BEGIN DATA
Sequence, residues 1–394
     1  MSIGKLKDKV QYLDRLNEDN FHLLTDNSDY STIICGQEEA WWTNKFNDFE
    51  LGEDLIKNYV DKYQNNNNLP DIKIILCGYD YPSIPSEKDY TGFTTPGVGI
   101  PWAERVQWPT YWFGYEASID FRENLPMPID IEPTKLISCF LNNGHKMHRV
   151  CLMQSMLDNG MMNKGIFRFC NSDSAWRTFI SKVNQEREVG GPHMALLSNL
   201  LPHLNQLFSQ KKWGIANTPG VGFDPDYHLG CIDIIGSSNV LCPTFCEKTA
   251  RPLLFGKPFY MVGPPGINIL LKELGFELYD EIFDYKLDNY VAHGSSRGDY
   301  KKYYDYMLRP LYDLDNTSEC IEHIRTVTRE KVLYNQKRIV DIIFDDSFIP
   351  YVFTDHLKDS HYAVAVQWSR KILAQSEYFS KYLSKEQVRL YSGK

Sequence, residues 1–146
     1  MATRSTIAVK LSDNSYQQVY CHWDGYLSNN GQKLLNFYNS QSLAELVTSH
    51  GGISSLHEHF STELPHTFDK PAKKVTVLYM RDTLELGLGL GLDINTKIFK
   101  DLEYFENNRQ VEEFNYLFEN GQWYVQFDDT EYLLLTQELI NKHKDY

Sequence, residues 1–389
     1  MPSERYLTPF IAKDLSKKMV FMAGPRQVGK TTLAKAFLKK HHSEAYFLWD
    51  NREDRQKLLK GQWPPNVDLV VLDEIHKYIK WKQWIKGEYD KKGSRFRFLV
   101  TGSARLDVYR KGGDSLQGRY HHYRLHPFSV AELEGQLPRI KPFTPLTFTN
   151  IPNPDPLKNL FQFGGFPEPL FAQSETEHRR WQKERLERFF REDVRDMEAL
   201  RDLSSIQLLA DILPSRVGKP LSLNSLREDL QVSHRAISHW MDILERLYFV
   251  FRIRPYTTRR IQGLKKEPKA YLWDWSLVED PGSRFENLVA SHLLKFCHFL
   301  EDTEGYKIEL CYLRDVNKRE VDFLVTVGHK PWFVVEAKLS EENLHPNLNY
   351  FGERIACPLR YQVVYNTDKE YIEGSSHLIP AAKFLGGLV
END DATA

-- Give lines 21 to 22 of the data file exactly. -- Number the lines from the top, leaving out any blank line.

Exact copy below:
   301  EDTEGYKIEL CYLRDVNKRE VDFLVTVGHK PWFVVEAKLS EENLHPNLNY
   351  FGERIACPLR YQVVYNTDKE YIEGSSHLIP AAKFLGGLV